Termination of Parental Rights - English
- What does it mean if my parental rights are terminated?
- How are the rights of a parent terminated?
- What are the possible legal reasons for terminating parental rights?
- If my children enter foster care, when can the foster care agency try to terminate my rights?
- Are there any reasons why ACS does not have to file a petition to terminate parental rights?
- Will I get a lawyer?
- Can I do anything to avoid a trial and keep my rights from being terminated?
- If I voluntarily place my children into foster care, can my parental rights be terminated?
- What if my rights have already been terminated?
- What if I am in jail or prison?
- Can I voluntarily terminate my parental rights?
- Can I place conditions on what will happen to my children if I terminate my rights?
1. New York City Children’s Services (This used to be called the Administration for Children’s Services or ACS. ACS used to be called BCW or CWA), or a foster care agency caring for your child, files a petition (pe-TI-shun) in Family Court asking a judge to terminate your rights. A petition is a request. The petition must give a legal reason for the termination. The legal reason is called a ground. (Examples of grounds are listed below.)
2. Then there will be a trial called a fact-finding hearing. During the fact-finding hearing, ACS will try to prove that there are grounds for termination. ACS will also have to show that they have tried to reunite your family. Reunite means have your children come home to you. The process of showing the judge that they have tried to reunite the family is called showing reasonable efforts. (For more information on reasonable efforts, see below.) At the end of the fact-finding hearing, the judge decides whether or not your rights will be terminated.
3. After the fact findinghearing, there is a dispositional (dis-po-ZI-shun-al) hearing. This is when the judge decides where the children should live. If your rights have been terminated, the judge may decide that your children can be adopted by their foster parents or by someone else.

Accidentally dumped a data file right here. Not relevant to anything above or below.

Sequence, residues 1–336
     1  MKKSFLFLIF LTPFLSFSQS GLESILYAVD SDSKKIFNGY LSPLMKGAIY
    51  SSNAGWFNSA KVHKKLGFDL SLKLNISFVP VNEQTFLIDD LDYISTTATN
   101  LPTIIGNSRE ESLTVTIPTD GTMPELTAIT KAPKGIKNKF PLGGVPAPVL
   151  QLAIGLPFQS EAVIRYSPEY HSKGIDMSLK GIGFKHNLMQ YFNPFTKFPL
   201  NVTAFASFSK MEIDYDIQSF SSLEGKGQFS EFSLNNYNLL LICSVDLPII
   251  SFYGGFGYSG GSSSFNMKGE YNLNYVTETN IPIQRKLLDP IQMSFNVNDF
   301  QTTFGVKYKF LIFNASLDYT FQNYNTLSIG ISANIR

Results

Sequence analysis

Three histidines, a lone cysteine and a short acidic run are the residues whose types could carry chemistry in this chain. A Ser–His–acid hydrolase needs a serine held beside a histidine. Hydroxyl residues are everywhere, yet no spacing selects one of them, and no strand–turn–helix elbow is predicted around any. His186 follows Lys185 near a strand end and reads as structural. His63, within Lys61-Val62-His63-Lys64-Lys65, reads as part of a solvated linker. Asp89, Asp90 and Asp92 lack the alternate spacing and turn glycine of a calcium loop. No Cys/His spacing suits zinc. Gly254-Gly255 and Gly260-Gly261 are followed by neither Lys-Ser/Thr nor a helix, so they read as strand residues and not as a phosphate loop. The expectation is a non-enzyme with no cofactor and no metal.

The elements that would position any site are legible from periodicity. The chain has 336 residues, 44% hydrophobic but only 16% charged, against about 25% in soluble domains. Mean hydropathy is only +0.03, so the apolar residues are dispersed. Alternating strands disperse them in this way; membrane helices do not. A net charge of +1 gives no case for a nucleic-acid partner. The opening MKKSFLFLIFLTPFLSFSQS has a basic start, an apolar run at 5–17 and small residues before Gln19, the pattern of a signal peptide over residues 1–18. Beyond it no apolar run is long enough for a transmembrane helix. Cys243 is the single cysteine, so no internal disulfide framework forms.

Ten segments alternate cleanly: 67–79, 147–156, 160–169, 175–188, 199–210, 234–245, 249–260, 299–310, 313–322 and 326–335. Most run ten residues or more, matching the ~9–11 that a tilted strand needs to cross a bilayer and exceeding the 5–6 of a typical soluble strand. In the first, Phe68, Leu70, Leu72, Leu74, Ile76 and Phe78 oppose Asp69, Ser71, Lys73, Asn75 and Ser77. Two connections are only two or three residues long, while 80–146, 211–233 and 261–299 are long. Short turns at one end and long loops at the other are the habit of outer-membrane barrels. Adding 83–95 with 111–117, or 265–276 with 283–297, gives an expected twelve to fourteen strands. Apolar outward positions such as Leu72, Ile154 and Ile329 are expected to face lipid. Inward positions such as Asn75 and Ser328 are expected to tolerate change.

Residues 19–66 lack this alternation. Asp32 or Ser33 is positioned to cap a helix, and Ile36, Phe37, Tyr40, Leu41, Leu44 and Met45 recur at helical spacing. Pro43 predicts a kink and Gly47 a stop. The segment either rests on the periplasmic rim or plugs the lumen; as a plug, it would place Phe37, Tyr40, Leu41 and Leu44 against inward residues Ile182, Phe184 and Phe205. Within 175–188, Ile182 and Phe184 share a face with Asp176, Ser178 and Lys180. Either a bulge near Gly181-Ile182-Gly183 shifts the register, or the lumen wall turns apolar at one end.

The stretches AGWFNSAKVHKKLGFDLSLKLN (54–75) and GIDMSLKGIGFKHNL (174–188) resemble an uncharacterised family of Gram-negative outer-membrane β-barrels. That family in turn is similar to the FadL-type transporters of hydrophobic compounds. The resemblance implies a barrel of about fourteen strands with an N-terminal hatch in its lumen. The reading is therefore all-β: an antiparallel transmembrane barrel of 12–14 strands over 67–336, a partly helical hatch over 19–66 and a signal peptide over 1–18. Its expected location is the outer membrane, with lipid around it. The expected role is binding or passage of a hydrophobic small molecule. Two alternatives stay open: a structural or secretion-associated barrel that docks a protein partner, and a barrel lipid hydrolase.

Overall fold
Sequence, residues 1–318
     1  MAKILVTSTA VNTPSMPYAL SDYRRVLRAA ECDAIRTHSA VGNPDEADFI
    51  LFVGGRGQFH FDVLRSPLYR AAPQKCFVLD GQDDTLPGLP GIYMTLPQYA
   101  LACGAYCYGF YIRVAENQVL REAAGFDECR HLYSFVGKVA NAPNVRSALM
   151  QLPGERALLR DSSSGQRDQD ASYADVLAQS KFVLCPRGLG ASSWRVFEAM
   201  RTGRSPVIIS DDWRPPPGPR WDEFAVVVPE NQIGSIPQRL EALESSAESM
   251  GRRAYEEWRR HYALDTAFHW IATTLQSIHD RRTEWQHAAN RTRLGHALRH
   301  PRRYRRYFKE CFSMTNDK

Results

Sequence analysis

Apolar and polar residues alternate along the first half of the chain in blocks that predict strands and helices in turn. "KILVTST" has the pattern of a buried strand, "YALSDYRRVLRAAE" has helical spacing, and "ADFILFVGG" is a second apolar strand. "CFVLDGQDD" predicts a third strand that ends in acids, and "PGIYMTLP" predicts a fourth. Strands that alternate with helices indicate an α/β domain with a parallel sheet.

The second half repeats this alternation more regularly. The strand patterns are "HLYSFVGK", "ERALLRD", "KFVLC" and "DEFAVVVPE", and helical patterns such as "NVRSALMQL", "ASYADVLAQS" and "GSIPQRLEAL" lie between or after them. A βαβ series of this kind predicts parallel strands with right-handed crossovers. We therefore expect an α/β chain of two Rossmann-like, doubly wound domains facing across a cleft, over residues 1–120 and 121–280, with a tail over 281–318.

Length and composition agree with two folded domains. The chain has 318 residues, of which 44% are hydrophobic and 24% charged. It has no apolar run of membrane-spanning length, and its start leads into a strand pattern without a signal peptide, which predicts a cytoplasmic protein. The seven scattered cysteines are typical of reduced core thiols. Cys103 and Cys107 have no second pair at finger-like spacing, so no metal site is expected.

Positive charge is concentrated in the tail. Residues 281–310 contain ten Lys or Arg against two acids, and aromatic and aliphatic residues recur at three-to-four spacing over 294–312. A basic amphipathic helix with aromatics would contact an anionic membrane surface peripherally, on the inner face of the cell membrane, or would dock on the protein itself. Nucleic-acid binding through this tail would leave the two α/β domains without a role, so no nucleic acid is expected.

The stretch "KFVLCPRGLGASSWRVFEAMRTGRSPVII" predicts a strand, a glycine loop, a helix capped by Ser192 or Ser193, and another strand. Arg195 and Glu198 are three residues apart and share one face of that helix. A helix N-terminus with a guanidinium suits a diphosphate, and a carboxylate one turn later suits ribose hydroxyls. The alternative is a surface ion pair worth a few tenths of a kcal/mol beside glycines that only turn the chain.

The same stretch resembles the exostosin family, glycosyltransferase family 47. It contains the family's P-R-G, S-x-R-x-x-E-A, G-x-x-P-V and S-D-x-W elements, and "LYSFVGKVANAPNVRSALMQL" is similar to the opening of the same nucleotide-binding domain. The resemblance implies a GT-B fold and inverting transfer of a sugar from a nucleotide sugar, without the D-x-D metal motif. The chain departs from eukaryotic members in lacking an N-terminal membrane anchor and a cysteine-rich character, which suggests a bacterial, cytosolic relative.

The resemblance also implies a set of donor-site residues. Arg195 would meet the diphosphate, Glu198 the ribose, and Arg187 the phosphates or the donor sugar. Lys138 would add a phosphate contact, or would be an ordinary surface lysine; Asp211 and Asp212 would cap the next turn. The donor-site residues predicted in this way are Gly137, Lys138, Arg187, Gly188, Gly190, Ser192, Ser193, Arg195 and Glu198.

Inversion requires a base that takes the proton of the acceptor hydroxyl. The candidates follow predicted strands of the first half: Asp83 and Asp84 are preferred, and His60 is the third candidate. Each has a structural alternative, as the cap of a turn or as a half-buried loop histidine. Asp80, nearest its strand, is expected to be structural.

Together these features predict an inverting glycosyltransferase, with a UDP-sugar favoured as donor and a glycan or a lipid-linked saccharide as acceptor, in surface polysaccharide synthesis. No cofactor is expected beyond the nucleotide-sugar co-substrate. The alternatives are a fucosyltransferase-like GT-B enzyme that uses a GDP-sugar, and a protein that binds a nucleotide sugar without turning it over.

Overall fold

There are five legal reasons, or grounds, that can be used to terminate your rights. The two most common reasons are:
Abandonment (a-BAN-don-ment): This means that you did not communicate with your children at all in the six months before ACS or the foster care agency asked to terminate your rights.
Permanent Neglect: This means that you did not make plans for the future of your children and you did not work with ACS or the foster care agency caring for your children for more than one year after your children entered foster care.
The three other grounds are mental illness, mental retardation, and severe and repeated abuse.
Yes. There are three reasons:
When your children are being cared for by a relative.
When there is a compelling reason why it would not be best for your child if your rights were terminated. Compelling means very, very good.
When ACS has not made reasonable efforts to reunite your family. Reasonable efforts means working with you and providing you with the services and referrals you need to have your children come home.
Yes. This can happen if ACS or the foster care agency determines that you have not made realistic plans to have your children come back to you since placing them in foster care.
To prove this, ACS must show that it tried to help you reunite your family. If you keep a record of your contact with the foster care agency, this will help show what the agency did or did not do to help reunite your family.Appealing Family Court Orders.”
If you are in jail or prison, it is important for you to have as much contact as possible with your children. Saving copies of letters you send to your children and keeping a record of all calls and visits will help show that you have not neglected or abandoned them. Participating in programs while in jail or prison can help show that you are making plans to care for your children when you are released.
Please note: Even if you are in jail or prison, you still have a right to visit with your children. ACS or the agency caring for your children must bring them to visit you in jail or prison. Keeping track of these visits can also help show that you have not neglected or abandoned them.